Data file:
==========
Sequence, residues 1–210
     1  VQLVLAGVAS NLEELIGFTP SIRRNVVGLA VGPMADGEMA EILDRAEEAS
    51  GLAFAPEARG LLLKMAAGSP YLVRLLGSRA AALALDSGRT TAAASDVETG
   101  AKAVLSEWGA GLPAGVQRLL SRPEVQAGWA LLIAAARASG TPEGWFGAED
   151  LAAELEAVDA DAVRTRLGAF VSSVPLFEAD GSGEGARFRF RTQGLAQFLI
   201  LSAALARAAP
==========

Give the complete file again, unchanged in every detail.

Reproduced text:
Sequence, residues 1–210
     1  VQLVLAGVAS NLEELIGFTP SIRRNVVGLA VGPMADGEMA EILDRAEEAS
    51  GLAFAPEARG LLLKMAAGSP YLVRLLGSRA AALALDSGRT TAAASDVETG
   101  AKAVLSEWGA GLPAGVQRLL SRPEVQAGWA LLIAAARASG TPEGWFGAED
   151  LAAELEAVDA DAVRTRLGAF VSSVPLFEAD GSGEGARFRF RTQGLAQFLI
   201  LSAALARAAP